With a winning offer of $24.39 million, the sale of Yuga Labs’ 101 Bored Ape Yacht Club (BAYC) collection has exceeded expectations.
The famed auction house Sotheby’s, which had originally predicted that the collection would bring in between $12 million and $18 million, sponsored the sale, which ended on Friday.
The 101 bored apes plus the three M1 and three M2 “mutant serum” NFTs comprise the bundle of non-fungibles. A Bored Ape token may be used to create a new Mutant Ape NFT that has the same characteristics as the original Bored Ape but is presented in a mutant form when it is coupled with an M1 or M2 serum.
Each Bored Ape in the collection was valued at an average price of around $241,000 or 69.4 Ether at the time of release, taking into account that serum NFTs are often airdropped to holders at free.
The amount is significantly more than the floor price for Bored Ape NFTs on the secondary market, which, according to statistics from OpenSea, is 38.99 ETH, or around $135,000 in value.
A 101 NFT collection from Yuga Labs’ side project Bored Ape Kennel Club, was also put up for sale; it ended the same day with a winning offer of $1.83 million, or $18,150 per NFT.
The price was more than the floor price on OpenSea of 3.09 ETH ($10.700), yet it was within Sotheby’s range of $1.5 million to $2 million.
The BAYC was introduced by Delaware-based Yuga Labs on April 30 and has since grown to be a very well-liked and sought-after project. People like NBA star Steph Curry joined in by purchasing a Bored Ape NFT late last month for 55 ETH ($191,000).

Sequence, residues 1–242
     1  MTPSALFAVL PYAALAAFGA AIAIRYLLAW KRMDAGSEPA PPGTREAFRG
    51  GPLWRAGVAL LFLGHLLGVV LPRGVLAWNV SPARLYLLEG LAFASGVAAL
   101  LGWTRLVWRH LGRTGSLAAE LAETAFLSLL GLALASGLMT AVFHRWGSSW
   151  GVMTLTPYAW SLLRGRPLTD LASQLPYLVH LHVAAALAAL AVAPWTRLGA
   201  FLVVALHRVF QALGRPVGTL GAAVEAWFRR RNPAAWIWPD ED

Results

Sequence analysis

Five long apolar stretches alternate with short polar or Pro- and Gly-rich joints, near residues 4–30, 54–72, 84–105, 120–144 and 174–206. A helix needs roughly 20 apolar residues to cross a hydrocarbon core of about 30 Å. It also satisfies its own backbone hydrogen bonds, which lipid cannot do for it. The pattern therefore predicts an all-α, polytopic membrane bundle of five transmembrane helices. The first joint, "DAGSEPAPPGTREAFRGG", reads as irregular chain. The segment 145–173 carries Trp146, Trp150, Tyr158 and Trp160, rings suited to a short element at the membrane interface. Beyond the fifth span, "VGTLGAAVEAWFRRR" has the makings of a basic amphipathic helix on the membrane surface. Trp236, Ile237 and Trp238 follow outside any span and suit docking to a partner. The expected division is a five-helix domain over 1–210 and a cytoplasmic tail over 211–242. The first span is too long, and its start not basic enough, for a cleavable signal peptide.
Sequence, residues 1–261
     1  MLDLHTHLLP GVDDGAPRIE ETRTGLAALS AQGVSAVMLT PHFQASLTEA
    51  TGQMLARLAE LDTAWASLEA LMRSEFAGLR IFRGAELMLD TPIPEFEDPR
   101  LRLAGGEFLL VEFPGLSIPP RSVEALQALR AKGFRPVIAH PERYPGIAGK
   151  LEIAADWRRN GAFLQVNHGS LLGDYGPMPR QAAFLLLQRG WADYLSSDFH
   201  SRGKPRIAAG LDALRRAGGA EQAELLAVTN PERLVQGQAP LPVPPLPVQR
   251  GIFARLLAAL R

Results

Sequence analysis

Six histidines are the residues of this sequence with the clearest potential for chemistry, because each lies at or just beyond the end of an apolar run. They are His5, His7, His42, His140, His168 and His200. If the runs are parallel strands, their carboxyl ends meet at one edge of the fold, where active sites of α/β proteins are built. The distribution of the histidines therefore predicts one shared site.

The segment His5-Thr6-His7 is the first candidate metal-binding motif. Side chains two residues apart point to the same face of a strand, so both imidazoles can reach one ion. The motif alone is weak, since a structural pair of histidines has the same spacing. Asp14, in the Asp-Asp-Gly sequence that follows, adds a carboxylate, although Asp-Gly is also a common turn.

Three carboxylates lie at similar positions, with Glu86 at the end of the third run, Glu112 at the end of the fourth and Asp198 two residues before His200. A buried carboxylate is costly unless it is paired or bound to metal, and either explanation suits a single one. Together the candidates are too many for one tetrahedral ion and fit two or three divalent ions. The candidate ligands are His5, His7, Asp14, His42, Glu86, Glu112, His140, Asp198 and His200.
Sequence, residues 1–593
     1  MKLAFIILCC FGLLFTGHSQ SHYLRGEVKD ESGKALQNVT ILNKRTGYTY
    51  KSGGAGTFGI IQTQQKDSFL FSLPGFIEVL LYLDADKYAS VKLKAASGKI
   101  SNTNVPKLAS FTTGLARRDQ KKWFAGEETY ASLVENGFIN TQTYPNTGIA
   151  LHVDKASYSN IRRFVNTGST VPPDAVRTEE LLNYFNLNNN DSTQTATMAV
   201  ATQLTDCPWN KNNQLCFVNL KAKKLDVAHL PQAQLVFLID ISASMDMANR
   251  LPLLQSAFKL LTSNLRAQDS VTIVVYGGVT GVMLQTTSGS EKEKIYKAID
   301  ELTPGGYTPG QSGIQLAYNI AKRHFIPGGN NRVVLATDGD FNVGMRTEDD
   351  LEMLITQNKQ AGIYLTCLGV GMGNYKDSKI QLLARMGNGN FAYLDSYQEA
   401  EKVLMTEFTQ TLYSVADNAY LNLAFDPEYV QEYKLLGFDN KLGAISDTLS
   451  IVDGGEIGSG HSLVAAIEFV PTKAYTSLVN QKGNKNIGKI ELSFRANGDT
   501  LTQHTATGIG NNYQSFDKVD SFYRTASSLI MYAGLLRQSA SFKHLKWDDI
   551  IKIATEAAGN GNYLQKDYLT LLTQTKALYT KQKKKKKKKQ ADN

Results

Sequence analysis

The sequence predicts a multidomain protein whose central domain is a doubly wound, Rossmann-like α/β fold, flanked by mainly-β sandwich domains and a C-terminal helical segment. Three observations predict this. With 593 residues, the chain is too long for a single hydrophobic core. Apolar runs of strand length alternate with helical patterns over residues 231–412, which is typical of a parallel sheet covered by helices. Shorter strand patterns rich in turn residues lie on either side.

On September 6, the metaverse game company The Sandbox purchased a Bored Ape for a record-breaking 740 ETH ($2.57 million).
A golden ape with laser eyes and a sea captain’s hat is shown in Sandbox’s NFT. The company disclosed intentions to include BAYC NFTs into its metaverse as playable avatars in a blog post on Wednesday.
“The Avatar collections find additional utility for their NFT holders within our gaming virtual world. Through the interoperability of NFTs, they will be able to turn 2D collectible image NFTs into 3D playable avatars that are animated, can run, jump, socialize, play games, and interact with their other peer Avatars in The Sandbox,” the blog post read.
NFT sales volume on the secondary market decreased in September, according to statistics from OpenSea, with notable projects like CryptoPunks, Art Blocks, and BAYC all experiencing drops in their seven-day volume of 85%, 82%, and 69%, respectively.
Out of the top 20, only one NFT project has had a rise in volume over the past seven days, with Vine co-founder Dom Hofmann’s Loot (for Adventures) NFTs seeing an 8.42% increase.
Data from Dune Analytics also demonstrates the recent decreasing trend in NFT floor pricing, which fell from 1.02 ETH on August 30 to 0.40 ETH on September 9. This doesn’t necessarily portend a gloomy trend for the NFT industry, though, since new projects that enter the market and sell for less can have an influence on the pricing.